Area Forecast Discussion
National Weather Service Tucson AZ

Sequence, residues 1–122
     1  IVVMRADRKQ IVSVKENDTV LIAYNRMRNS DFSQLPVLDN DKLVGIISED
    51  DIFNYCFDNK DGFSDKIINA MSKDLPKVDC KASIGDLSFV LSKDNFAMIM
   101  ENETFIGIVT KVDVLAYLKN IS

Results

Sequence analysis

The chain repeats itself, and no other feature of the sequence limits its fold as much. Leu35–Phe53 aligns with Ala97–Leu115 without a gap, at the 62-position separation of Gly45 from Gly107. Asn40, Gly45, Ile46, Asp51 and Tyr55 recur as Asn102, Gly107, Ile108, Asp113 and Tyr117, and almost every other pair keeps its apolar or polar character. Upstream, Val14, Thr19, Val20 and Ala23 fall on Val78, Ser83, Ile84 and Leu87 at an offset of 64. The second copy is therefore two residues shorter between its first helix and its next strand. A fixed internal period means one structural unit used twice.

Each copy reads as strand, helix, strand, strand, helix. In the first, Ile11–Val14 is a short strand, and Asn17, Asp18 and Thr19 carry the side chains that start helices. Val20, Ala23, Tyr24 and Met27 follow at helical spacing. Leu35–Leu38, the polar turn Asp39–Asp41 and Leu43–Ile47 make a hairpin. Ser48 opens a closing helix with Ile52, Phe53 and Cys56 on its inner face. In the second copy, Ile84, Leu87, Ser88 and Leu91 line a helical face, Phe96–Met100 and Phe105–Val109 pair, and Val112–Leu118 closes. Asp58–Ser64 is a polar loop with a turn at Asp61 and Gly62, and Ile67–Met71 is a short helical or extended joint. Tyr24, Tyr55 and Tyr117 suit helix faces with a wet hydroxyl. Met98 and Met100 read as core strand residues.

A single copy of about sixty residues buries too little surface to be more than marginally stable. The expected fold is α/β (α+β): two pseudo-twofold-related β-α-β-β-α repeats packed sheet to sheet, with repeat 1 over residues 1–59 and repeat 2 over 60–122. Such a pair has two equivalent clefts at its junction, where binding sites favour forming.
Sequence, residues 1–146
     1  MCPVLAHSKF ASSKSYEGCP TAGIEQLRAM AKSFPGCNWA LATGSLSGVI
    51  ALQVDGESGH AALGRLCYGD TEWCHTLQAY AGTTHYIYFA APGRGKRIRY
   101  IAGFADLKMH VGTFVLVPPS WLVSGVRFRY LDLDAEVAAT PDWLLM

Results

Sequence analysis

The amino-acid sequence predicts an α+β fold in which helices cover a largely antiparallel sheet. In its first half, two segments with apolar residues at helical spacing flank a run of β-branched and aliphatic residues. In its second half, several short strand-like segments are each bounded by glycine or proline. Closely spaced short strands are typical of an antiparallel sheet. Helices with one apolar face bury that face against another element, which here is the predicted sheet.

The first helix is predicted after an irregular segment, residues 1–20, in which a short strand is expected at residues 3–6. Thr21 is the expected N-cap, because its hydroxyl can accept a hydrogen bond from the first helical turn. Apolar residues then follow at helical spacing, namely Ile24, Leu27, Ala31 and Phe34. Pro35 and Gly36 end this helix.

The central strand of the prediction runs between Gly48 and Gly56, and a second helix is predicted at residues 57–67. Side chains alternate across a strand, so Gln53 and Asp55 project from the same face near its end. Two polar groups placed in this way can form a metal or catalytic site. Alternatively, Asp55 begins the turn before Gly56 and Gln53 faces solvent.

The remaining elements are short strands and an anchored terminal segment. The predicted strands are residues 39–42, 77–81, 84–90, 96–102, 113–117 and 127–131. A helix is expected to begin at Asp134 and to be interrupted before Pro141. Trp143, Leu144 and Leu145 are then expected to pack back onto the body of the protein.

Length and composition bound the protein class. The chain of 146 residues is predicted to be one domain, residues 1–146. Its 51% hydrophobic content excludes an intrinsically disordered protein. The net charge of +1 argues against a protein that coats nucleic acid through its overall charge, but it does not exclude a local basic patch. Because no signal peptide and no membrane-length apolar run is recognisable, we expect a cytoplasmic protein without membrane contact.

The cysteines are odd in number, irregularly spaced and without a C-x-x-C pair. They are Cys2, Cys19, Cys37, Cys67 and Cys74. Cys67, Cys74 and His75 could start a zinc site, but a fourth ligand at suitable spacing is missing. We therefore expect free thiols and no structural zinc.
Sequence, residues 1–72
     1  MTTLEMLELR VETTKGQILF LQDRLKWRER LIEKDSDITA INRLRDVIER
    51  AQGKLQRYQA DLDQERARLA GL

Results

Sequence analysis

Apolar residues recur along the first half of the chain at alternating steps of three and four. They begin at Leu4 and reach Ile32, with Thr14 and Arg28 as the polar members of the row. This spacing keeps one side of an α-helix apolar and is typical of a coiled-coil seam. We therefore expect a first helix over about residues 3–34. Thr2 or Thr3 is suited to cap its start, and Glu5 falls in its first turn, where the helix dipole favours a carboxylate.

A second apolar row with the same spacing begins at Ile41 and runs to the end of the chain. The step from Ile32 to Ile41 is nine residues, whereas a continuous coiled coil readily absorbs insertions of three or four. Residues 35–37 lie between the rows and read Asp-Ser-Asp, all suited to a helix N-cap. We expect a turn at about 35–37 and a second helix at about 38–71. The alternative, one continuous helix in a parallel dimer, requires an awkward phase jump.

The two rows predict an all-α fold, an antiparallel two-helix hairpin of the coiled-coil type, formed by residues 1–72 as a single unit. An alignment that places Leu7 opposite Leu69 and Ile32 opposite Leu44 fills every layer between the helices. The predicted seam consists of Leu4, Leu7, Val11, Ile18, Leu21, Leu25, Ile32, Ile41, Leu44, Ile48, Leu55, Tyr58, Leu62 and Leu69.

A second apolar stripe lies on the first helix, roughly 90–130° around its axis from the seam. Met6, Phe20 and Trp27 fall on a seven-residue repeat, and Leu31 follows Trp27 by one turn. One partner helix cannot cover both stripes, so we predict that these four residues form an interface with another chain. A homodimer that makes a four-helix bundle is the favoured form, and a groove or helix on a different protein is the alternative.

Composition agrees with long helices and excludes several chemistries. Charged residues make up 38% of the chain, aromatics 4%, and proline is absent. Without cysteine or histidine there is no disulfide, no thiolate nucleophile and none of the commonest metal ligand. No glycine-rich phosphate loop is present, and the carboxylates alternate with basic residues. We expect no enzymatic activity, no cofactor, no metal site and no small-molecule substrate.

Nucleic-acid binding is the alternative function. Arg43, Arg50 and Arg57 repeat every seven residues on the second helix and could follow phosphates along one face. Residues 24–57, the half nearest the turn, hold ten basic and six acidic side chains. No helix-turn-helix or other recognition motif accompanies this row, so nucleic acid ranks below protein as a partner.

141 PM MST Sat Jul 7 2018 .SYNOPSIS...Deeper moisture will bring a significant upswing in showers and thunderstorms this weekend into next week. Daytime temperatures will be above normal this weekend then be generally below normal next week. && .DISCUSSION...Not much change in thinking from this morning`s discussion, with the upper high centered just north of the four corners region over west central Colorado and the upper ridge oriented from southwest to northeast across the desert southwest and into the central high plains. The first cells developed today around 19Z and were along the Rim and over portions of central Pima County. At this time just very isolated activity, although models continue to show isolated to scattered activity as we work through the remainder of afternoon and into the evening hours tonight. The 18Z HRRR and the UofA AZ WRF-NAM/WRF-GFS all indicate the favored area of development along the Rim, with this activity then pushing to the southwest. A weak disturbance over far west central New Mexico (as seen on the Goes-16 Mid Level Water Vapor Channel 9 (6.95um)) is expected to enhance development as it works into the region later today. The high center will remain quasi-stationary over the next 36-48 hours, as the upper ridge becomes more amplified across the western United States. As this takes place, mid level flow will switch from a east/northeast direction today to a east/southeast direction by Monday. This subtle change in the flow pattern will allow for deeper moisture to work into the area as model PW values near 1.5" on Monday. The models all begin to ramp up activity on Sunday, but especially so in the Monday through Wednesday time frame. At this time have scattered pops in the valleys for Sunday, with scattered to numerous pops in the mountains. SPC has highlighted a good chunk of the forecast area on Sunday as Marginal Risk, with isolated severe thunderstorms possible and the main threat being strong wind gusts. Expect high end scattered valley pops Monday through Wednesday, with numerous showers and thunderstorms in the mountains. Deterministic model guidance numbers are indicating that the convective activity early to mid next week will occur during the late afternoon and especially the evening/late night hours. By late next week, expect a typical monsoon forecast with scattered afternoon and evening showers and thunderstorms, mainly from Tucson eastward. Daytime temperatures will be a couple of degrees above normal through Sunday, before lowering to below normal values most of next week due to deeper moisture and increased cloud cover. && .AVIATION...Valid through 09/00Z. Isolated to scattered -TSRA/-SHRA with strong gusty outflows possible this afternoon/evening as well as Sunday morning/afternoon. Due to the isolated nature of the storms today, have not included -TSRA/-SHRA in the TAFs, however ammendments may be needed later in the day. This afternoon and evening expect SCT to locally BKN clouds at 8k-12k ft AGL with SCT-BKN layer above 20k ft AGL. Ceilings could be MVFR near any storms. Outside of thunderstorm winds, SFC winds will be out of the east/southeast at 8-15 kts with some afternoon gusts. Aviation discussion not updated for TAF amendments. && .FIRE WEATHER...Moisture will continue to increase resulting in significant increases in Min and Max RH values and thunderstorm coverage. From Sunday onward we are expecting more numerous thunderstorms and showers across the entire area including occasional rounds of nighttime storms. Mainly for the first few days, the rain cores will be smaller with dry lightning around the periphery of the storms. Typical storm motion will be toward the west or southwest. 20 ft surface winds will generally be 15 mph or less from an easterly direction through midweek, and thereafter follow a more typical diurnal pattern. In the vicinity of thunderstorms expect strong and variable winds. && .TWC WATCHES/WARNINGS/ADVISORIES...None. && $$ Discussion...Zell Aviation/Fire Weather...Hardin Visit us on Facebook...Twitter...YouTube...and at